Paul Mazursky, actor, writer, and director. KEY FILMS: Bob & Carol & Ted & Alice, Alex in Wonderland, Blume in Love, Harry and Tonto, Next Stop Greenwich Village, An Unmarried Woman, Moscow on the Hudson, Down and Out in Beverly Hills, Enemies: A Love Story. An indelible voice on film throughout the 60s, 70s, and 80s. Mazursky has a style all his own, and it's time it was recognized for its colorfully humanistic verve.

Gena Rowlands, actress. KEY FILMS: Shadows, Lonely are the Brave, A Child is Waiting, Faces, Minnie and Moscowicz, A Woman Under the Influence, Opening Night, Gloria, Tempest, Love Streams, Another Woman, Night On Earth, Something to Talk About, Hope Floats, The Notebook. One of our greatest actors and, lastly, our deepest connection to Mr. Cassavetes.

Christopher Lee, actor. KEY FILMS: Hamlet, Moulin Rouge, The Curse of Frankenstein, Horror of Dracula, The Hound of the Baskervilles, The Mummy, She, Rasputin: The Mad Monk, The Magic Christian, The Devil Rides Out, Scream and Scream Again, The Private Life of Sherlock Holmes, Hannie Caulder, The Wicker Man, The Man with the Golden Gun, 1941, Gremlins 2: The New Batch, The Lord of the Rings trilogy, Star Wars: Episode III - Revenge of the Sith, Charlie and the Chocolate Factory, Corpse Bride, Triage, Alice in Wonderland, Hugo Cabret, The Hobbit. For a breathtaking body of work that continues, after six decades, to make its mark on the medium.

John Boorman, writer, director and producer. KEY FILMS: Catch Us If You Can, Hell In the Pacific, Point Blank, Leo the Last, Deliverance, Zardoz, Excalibur, Hope and Glory, The Emerald Forest, The General, The Tailor of Panama. A brilliant director, through and through.

Doris Day, actress. KEY FILMS: Young Man with a Horn, Calamity Jane, Young at Heart, The Man Who Knew Too Much, The Pajama Game, Teacher's Pet, Pillow Talk, Midnight Lace, Please Don't Eat The Daisies, Lover Come Back, That Touch of Mink, Move Over Darling, Send Me No Flowers, With Six You Get Eggroll. For being a singular presence in film for two decades, often in which she was the #1 box office attraction.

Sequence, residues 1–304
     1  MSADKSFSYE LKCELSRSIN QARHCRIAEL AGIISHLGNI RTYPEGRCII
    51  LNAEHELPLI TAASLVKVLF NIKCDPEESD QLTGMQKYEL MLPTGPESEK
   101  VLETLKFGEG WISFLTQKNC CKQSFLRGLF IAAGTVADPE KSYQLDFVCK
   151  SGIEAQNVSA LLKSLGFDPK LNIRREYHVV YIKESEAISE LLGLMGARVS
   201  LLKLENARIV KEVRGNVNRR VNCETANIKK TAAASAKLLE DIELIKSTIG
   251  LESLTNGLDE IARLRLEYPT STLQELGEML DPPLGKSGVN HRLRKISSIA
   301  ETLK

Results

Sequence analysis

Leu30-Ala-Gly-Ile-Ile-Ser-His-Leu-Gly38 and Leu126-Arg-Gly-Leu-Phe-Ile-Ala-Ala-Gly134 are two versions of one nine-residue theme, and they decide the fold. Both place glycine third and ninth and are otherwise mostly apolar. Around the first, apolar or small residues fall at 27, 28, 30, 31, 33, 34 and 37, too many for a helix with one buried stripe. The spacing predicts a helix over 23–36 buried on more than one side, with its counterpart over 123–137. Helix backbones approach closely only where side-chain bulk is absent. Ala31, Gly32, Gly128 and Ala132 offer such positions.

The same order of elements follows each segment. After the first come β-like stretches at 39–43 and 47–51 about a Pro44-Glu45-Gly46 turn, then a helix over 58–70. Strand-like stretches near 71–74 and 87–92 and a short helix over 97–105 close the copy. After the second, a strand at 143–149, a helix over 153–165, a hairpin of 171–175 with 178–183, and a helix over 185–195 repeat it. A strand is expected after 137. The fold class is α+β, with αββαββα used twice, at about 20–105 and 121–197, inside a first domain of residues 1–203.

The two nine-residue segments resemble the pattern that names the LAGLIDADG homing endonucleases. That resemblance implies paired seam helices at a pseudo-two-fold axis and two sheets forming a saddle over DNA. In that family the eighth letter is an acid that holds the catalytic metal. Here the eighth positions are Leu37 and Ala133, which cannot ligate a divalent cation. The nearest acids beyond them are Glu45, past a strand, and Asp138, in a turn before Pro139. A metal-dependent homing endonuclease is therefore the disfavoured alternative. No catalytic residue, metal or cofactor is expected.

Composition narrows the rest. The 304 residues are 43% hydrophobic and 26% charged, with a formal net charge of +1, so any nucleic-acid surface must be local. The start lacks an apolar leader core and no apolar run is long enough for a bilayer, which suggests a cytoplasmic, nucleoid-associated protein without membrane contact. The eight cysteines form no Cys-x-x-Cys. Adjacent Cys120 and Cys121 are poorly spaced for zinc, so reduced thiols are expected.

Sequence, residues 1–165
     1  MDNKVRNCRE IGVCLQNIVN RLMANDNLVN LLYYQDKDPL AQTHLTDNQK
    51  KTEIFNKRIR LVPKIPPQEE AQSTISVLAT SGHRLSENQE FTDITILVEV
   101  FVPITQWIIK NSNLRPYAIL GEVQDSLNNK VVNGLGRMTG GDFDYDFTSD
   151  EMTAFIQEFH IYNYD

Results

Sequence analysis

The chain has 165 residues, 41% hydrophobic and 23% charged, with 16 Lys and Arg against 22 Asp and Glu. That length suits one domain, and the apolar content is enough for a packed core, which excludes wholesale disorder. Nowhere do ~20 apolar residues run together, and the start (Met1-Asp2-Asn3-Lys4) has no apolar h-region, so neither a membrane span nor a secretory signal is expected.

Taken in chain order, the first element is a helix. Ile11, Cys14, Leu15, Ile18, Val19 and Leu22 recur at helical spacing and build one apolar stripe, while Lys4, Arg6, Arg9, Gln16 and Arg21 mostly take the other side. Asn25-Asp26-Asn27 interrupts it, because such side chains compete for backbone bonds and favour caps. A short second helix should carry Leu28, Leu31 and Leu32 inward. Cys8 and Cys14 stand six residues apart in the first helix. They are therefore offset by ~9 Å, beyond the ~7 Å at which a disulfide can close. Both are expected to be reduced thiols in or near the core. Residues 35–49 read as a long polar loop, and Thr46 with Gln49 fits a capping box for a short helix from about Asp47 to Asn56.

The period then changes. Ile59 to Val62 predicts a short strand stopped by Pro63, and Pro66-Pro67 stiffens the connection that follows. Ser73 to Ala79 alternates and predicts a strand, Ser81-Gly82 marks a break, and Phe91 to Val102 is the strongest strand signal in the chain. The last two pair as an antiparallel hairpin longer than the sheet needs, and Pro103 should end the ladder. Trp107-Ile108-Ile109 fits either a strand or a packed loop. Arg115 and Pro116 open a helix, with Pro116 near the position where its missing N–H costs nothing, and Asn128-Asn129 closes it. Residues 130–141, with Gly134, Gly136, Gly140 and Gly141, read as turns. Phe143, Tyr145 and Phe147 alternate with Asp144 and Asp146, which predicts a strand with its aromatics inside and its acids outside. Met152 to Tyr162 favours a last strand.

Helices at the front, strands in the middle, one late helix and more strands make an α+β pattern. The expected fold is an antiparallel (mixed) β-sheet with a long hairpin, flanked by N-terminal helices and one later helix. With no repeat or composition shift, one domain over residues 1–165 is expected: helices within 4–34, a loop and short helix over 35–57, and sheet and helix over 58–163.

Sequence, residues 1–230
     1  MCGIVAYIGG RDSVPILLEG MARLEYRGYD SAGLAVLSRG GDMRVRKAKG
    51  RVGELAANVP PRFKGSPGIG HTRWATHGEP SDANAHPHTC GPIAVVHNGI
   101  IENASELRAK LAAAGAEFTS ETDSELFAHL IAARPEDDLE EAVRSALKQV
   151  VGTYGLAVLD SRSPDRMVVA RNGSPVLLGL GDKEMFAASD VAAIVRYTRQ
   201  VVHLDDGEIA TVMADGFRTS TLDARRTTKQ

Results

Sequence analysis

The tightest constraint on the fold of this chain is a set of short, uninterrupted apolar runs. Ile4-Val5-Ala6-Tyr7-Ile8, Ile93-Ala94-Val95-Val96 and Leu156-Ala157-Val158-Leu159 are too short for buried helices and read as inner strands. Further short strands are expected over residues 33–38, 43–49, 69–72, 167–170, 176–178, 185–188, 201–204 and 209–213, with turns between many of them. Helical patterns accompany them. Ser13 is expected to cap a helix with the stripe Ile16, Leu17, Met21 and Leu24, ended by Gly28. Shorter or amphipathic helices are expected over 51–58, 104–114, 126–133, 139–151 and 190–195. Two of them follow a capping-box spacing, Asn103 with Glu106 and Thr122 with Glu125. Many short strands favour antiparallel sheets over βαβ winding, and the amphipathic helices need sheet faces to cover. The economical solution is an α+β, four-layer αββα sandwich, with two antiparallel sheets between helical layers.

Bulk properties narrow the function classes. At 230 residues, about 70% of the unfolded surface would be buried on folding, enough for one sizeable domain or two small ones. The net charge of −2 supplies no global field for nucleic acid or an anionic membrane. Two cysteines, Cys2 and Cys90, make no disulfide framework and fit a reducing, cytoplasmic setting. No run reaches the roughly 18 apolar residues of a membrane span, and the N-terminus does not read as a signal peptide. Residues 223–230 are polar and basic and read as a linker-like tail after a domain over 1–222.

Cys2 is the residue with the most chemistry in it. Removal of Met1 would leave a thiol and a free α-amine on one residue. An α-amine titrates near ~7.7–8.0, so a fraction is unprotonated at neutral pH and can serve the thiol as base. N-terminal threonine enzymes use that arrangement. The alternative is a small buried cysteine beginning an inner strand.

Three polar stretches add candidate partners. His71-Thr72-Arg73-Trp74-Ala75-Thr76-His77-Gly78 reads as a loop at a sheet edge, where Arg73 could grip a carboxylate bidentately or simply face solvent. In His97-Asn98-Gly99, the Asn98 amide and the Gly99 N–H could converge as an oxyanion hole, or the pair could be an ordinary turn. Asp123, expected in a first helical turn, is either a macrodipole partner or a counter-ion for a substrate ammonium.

Ken Russell, writer and director. KEY FILMS: Women in Love, The Music Lovers, The Devils, The Boy Friend, Tommy, Altered States, Crimes of Passion, The Lair of the White Worm, The Rainbow. For being a lovably wacky author of one-of-a-kind motion pictures.

Owen Roizman , cinematographer. KEY FILMS: The French Connection, Play It Again Sam, The Heartbreak Kid, The Taking of Pelham One Two Three, The Exorcist, Three Days of the Condor, The Stepford Wives, Network, Straight Time, True Confessions, The Electric Horseman, Absence of Malice, Taps, Tootsie, Havana, The Addams Family, Grand Canyon, Wyatt Earp. His remarkable resume says it all; the one totally technical award I think deserves to be given, to a man who's been nominated five times but never has won.

Ned Beatty, actor. KEY FILMS: Deliverance, Nashville, White Lightning, All The President's Men, Network, W.W. and the Dixie Dancekings, Silver Streak, Gator, Superman, Superman II, Wise Blood, Friendly Fire, 1941, Back to School, The Big Easy, Hear My Song, Rudy, Cookie's Fortune, Spring Forward, Sweet Land, The Walker, Charlie Wilson's War, The Killer Inside Me, Toy Story 3, Rango. I liked how the Academy opened up the Special Oscar field last year to include an essential character actor like Eli Wallach. If they were going to do the same sort of thing this go round, I'd like to submit consideration for another great American actor who's rarely gotten his due.

For the Thalberg award (which goes to producers alone), I'd go for either the Weinsteins, Scott Rudin, Lawrence Bender, or Ted Hope. For the Jean Hersholt Award, for humanitarian effort, I'd nominate George Clooney, Sean Penn, or Angelina Jolie.